Tom Kempin graduated from Northeast Catholic High School for Boys 75 years ago.

To this day, he still lives by the things he learned there, Kempin, 92, said, gripping his cane and standing on the steps of the venerable school.

"What they taught me was, 'Don't worry about where you're going tomorrow. Be who you are today, and be it perfectly,' " Kempin said of the Oblates of St. Francis de Sales, who staffed the school, and of his classmates, most of whom are gone now.

Kempin, of Mayfair, was one of more than 1,000 men who returned to North Catholic, as it is known, for a final farewell on Sunday. Because of declining enrollment, the Archdiocese of Philadelphia will close North - and Cardinal Dougherty High - for good this month.

"I wanted to see this through," said Kempin, dressed smartly in North's colors - white shirt, red pants, white shoes.

Inside North's vast, unairconditioned auditorium, alumni and their families gathered for one last Mass. They snapped photos in classrooms, pored over yearbooks, greeted old friends with handshakes and hugs, reminisced about legendary North disciplinarian Rev. Thomas "Knobby" Walsh.

Bob Pacitti and Mike Staub, Class of '73, met in geometry class their sophomore year. They've been friends since, and attended the open house together.

"Hey! These are all new - we had all blackboards," Staub said, motioning to whiteboards in a corner classroom that was already cleared of desks.

"Too many ghosts in here," Pacitti said.

Standing a few feet away, Jim O'Connor, Class of '61, shook his head.

"Some great memories here," he said. "This never should have happened, closing North Catholic."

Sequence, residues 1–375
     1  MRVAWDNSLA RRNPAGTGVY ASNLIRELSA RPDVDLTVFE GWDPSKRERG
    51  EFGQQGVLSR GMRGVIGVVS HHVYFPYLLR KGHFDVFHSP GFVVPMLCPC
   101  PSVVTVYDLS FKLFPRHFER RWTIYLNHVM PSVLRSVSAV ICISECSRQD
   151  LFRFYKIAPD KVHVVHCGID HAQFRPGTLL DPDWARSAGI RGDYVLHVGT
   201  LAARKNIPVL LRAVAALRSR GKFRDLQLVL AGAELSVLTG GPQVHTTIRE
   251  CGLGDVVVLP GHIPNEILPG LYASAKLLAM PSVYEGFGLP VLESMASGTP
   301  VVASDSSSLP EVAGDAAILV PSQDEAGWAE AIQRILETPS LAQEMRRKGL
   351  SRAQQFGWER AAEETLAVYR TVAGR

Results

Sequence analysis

This year, the school enrolled 551 students. At its peak, North was bursting at the seams with more than 4,000 students in the early 1950s.

Enrollment has dropped 29 percent in the last decade.

Supporters of the school had hoped to turn it into a private Catholic academy in the fall, but ultimately said they did not have enough time to do so. They still hope to revive North as a Cristo Rey school in 2011.

Shawn Adair, Class of '79, is from a North family - his father and all his brothers graduated from the school on Torresdale Avenue in the city's Frankford section. He brought his video camera "to take photos of an old friend," he said.

North means memories, Adair said. It means tradition.

"My parents had nine kids, and they still found a way to send us all to Catholic school," he said. "The least I can do is come back and pay my respects to a place that treated me so well."

Ten members of the Janda family did the same.

Gene Janda, Class of '71, said it felt like the right thing to do. His father never forgot the Oblates, who he felt helped him on the right path in life when he was a young and motherless boy.

"Dad thought the world of North Catholic," said Janda, a retired Philadelphia firefighter now living in Havertown. "This place is who we are, and what we're about."

Shamus O'Donnell had always assumed that would be him someday.

"From birth, I was raised to go to North," said Shamus, who is finishing his freshman year. "When I heard it was closing, I was pretty upset."

He will attend Roman Catholic High in September. His classmates are scattering to Roman, Archbishop Ryan, Father Judge, he said.

"I guess nothing's forever," said Shamus, his white-and-red Forever Falcons T-shirt a nod to the closing school.

Bill MacAllister snapped a photo of his friend Bob Malaczewski with a student dressed as the school mascot. It's important to preserve North memories, he said.

"I've been in airports, been on the boardwalk in a North shirt, and I meet other alumni," said MacAllister, Class of '76, who lives in Ocean City, N.J. "Our motto is, 'Take hold, don't let go,' and it never lets go, ever."

Ed Grzeskiewicz wanted a visible reminder of North, so he went to a tattoo shop Thursday and got the falcon inked on his leg.

It hurt, he said. But it was worth it.

"This is a tribute to the school," said Grzeskiewicz, Class of '87, of Hatboro. "It almost feels like a family member is dying."

It was tough for Vincent Russo to fight back tears.

Standing on the gym floor, Russo, Class of '02, remembered the first time he saw the banners lining the walls - pieces of cloth representing sports championships and archdiocesan rivals.

"It made you feel like you were part of a family," said Russo, who still lives nearby, in Juniata. "Even though we were from all different areas, we were all from working-class families, working-class neighborhoods. I always loved that."